Apple iPhone 3G anyone? Reports and rumors are circulating around that the plan is set. OMG! What I would do for 3G! I need 3G! I have to have 3G! :-)
One another note… Have you ever listened to Indie Rock? I just can’t get enough of it. You really need to check it out. Relaxing and invigorating at the same time. (listen in iTunes) – Tell me if you like it…
As I was researching Capital One Financial (COF) this week, I came across a great site that tracks insider trading – InsiderCow.com – Find out who is milking the company and which stocks are moooo-ving because of it. Nice work fellas!
Herb Greenberg is calling out Cramer on his uptick rule discussion and it is causing a comment frenzy. To be sure, the uptick rule is a joke. Short sellers are part of the market, not the problem. You got to love the ignorance when it comes to shorting stocks.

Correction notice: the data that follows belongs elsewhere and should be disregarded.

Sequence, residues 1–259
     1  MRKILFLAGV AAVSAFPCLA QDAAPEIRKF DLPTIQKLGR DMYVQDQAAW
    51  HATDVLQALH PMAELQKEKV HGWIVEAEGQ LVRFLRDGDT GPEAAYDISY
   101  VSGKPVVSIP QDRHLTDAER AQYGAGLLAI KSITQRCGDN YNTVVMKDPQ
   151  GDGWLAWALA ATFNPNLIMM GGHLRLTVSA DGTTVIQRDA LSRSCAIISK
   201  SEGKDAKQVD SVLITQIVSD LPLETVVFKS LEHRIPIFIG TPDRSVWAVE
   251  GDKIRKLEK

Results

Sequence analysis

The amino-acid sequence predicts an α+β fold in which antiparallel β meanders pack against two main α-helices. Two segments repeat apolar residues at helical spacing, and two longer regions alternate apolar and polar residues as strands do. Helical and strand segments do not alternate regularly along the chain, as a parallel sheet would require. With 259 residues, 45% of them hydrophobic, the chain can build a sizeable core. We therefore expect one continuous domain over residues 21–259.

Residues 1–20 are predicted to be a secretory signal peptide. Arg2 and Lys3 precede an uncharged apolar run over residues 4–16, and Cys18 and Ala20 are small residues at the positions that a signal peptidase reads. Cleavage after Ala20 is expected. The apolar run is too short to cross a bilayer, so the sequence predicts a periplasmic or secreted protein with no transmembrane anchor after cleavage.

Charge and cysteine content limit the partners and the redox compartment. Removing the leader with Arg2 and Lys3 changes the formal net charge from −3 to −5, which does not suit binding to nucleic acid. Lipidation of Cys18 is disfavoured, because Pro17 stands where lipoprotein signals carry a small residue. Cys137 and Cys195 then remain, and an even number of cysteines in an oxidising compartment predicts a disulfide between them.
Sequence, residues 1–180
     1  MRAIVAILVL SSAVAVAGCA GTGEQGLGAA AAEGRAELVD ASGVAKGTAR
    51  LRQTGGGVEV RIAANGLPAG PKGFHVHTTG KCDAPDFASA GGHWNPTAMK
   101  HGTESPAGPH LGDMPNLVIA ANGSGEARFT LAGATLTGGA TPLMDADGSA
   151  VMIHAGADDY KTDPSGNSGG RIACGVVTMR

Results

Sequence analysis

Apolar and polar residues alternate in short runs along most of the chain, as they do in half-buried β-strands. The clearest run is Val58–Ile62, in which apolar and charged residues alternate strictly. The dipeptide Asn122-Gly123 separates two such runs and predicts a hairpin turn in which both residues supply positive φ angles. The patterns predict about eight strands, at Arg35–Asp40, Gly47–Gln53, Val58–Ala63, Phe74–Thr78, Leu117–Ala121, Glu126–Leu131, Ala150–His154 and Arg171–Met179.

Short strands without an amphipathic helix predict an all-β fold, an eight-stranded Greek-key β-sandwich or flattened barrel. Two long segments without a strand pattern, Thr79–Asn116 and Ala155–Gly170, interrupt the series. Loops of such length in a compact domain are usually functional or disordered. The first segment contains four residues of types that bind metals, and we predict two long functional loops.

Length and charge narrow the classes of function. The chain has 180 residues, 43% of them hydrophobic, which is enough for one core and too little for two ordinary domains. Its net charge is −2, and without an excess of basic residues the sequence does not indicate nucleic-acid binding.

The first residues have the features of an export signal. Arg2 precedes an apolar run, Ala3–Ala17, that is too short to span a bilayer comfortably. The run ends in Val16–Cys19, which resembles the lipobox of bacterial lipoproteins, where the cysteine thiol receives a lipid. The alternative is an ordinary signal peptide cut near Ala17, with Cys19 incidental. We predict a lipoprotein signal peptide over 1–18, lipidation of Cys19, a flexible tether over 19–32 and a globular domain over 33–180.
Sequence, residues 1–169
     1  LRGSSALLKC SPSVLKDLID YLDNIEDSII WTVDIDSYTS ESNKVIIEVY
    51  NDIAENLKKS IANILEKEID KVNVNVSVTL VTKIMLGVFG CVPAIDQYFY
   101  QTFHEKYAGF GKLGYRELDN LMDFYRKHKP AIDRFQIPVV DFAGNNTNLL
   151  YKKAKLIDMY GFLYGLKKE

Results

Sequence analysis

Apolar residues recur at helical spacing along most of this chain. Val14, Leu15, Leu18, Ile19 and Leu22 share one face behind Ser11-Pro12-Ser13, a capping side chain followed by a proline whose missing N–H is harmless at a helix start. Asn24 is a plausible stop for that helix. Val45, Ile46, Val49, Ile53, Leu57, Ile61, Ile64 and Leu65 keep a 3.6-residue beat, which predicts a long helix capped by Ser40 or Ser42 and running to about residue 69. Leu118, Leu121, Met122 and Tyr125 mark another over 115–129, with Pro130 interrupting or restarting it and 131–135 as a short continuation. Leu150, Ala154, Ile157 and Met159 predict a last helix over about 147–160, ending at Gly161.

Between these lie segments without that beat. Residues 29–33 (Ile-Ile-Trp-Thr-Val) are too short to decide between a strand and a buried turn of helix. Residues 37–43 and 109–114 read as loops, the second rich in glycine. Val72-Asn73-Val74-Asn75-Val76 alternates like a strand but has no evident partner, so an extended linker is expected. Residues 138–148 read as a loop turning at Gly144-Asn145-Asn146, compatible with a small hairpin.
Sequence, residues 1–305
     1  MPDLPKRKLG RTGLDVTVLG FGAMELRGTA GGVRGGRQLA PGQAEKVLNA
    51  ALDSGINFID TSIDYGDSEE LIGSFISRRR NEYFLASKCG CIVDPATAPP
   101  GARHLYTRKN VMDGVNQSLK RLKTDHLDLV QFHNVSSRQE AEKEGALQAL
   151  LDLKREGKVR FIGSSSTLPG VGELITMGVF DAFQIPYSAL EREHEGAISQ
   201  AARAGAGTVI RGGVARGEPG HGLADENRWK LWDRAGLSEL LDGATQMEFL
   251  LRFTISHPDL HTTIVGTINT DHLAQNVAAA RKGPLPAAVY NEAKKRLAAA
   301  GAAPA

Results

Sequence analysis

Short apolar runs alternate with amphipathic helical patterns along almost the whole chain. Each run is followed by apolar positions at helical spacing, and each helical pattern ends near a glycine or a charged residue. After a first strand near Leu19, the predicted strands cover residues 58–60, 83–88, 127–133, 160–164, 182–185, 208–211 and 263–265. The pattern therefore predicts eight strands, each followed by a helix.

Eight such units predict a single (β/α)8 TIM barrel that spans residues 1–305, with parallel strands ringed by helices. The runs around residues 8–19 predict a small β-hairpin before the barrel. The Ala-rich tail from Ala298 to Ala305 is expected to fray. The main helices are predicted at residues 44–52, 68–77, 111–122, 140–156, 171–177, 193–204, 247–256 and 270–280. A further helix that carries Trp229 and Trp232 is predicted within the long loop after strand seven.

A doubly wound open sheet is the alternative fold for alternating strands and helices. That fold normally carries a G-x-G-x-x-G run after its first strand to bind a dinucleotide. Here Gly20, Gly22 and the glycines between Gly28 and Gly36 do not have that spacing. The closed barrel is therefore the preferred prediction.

Mike Arrington, editor of the popular TechCrunch wrote an interesting article about his bulging email inbox. (To put this in perspective; I hear that it is so massive that Silicon Alley girls sometimes swoon when they see it.) There was a story within the article that discussed a recent conversation he and I had. Somehow he omitted my name and forgot to provide a link back to my site. But, the good news is that he agreed to be a guest on the Podcast….The bad news is that he wrote me 10 minutes later and canceled when he found out that I would not allow “foul language” on the show. Mike, I hope you reconsider. I am sure you will be @^#%$ awesome. Link to his post HERE.
In what is probably going to shape up to be the scariest stories of next week, UBS has come out with a statement on their new policy for auction-rate securities. You know, those were the ones that were sold as money market alternatives for investors looking for a safe place to park money while earning an above average yield. Now, as liquidity is non-existent, they will mark-to-market, reducing principal value 5%-20%. That is really going to piss-off a whole lot of investors!